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D-dimer predicts mortality due to Cardiovascular events and Cancer in Stable CHD

D-dimer predicts mortality due to Cardiovascular events and Cancer in Stable CHD

Dr.John Simes from National Health and Medical Research Council (NHMRC) Clinical Trials Centre, University of Sydney, Sydney Australia, and associates conducted  The LIPID Study to assess the role of D-dimer levels in predicting long-term vascular outcomes, cause-specific mortality, and new cancers in the context of other risk factors.The researchers found that D-dimer Predicts Long-Term Cause-Specific Mortality, Cardiovascular Events and Cancer in Stable Coronary Heart Disease Patients.D-dimer a degradation product of cross-linked fibrin, is a marker for hypercoagulability and thrombotic events.The  Study has been published in Circulation.

LIPID randomized patients to placebo or pravastatin 40 mg/day 5-38 months after myocardial infarction or unstable angina. D-dimer levels were measured at baseline and at 1 year. Median follow-up was 6.0 years during the trial and 16 years in total.

Results—Baseline D-dimer levels for 7863 patients were grouped by quartile (≤112, 112-173, 173-273, >273 ng/mL). Higher levels were associated with older age, female sex, history of hypertension, poor renal function and elevated levels of B-natriuretic peptide, high-sensitivity C-reactive protein, and sensitive troponin I (each P<0.001). During the first 6 years, after adjustment for up to 30 additional risk factors, higher D-dimer was associated with a significantly increased risk of a major coronary event (Q4 vs Q1 HR 1.45; 95% CI 1.21-1.74), major cardiovascular (CVD) event (HR 1.45; 95% CI 1.23-1.71) and venous thromboembolism (HR 4.03 (2.31-7.03; 95% CI 2.31-7.03); each P<0.001. During the 16 years overall, higher D-dimer was an independent predictor of all-cause mortality (HR 1.59), CVD mortality (1.61), cancer mortality (1.54) and non-CVD noncancer mortality (1.57) (each P<0.001), remaining significant for deaths from each cause occurring beyond 10 years of follow-up (each P≤0.01). Higher D-dimer also independently predicted an increase in cancer incidence (HR 1.16, P=0.02).The D-dimer level increased the net reclassification index for all-cause mortality by 4.0 and venous thromboembolism by 13.6.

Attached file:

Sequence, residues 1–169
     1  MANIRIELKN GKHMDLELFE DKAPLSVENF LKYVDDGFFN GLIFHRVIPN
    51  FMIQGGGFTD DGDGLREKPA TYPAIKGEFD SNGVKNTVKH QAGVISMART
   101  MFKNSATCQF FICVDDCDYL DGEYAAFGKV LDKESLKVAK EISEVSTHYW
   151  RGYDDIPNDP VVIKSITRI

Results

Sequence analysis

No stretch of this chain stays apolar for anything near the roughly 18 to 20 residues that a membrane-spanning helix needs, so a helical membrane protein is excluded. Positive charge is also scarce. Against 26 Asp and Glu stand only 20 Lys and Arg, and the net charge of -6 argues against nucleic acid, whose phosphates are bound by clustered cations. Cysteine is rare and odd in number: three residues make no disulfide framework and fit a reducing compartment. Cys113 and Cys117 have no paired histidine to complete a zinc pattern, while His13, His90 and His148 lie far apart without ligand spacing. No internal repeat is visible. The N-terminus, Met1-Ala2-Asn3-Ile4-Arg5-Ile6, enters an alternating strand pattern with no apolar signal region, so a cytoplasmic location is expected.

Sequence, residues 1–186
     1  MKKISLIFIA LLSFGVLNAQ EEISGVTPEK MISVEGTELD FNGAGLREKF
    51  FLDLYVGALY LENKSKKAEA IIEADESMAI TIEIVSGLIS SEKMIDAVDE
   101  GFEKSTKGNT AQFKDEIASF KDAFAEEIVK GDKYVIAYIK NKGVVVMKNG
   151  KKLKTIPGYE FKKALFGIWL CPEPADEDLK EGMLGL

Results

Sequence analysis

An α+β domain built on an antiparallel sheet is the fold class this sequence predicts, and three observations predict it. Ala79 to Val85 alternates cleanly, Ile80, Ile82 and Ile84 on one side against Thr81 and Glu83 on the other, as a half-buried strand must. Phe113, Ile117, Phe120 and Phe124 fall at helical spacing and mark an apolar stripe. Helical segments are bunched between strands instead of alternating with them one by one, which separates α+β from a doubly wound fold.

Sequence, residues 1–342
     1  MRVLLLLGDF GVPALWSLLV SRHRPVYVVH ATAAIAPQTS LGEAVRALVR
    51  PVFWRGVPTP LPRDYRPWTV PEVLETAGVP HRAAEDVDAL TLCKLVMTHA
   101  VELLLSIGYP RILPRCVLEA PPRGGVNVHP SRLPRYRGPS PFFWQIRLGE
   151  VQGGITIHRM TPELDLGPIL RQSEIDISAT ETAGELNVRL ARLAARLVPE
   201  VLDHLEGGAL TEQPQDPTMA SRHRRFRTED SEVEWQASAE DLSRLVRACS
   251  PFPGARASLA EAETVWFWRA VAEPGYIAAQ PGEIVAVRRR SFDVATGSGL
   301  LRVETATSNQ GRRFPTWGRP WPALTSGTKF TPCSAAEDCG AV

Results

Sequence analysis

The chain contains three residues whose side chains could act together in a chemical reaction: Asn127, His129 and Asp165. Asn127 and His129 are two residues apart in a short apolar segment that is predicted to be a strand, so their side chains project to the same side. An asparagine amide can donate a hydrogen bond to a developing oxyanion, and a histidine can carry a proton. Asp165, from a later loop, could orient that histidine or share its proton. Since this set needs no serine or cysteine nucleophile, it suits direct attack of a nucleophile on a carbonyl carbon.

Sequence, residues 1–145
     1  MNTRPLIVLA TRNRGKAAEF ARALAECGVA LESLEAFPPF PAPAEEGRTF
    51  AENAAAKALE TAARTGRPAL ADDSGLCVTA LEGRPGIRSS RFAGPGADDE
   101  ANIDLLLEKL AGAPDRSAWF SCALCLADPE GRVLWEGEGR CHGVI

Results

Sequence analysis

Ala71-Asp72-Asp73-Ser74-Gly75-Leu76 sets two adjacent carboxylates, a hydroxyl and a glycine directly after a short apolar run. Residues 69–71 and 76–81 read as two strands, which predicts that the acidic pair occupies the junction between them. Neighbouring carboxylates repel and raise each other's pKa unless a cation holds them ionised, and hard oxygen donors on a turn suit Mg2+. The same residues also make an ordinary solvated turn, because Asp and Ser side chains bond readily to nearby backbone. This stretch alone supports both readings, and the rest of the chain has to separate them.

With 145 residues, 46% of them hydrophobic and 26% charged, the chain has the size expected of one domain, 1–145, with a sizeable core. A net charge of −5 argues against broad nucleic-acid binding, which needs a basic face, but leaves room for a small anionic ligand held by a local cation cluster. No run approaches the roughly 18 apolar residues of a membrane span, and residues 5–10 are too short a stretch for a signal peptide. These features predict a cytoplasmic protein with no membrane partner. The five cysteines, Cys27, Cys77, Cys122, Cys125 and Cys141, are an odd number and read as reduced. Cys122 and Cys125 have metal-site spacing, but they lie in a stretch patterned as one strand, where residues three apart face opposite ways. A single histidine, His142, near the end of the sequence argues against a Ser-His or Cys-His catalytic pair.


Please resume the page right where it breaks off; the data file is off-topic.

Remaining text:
Conclusions—D-dimer levels predict long-term risk of arterial and venous events, CVD mortality, and non-CVD noncancer mortality, independently of other risk factors. D-dimer is also a significant predictor of cancer incidence and mortality. These results support an association of D-dimer with fatal events across multiple diseases and demonstrate that this link extends beyond 10 years’ follow-up.

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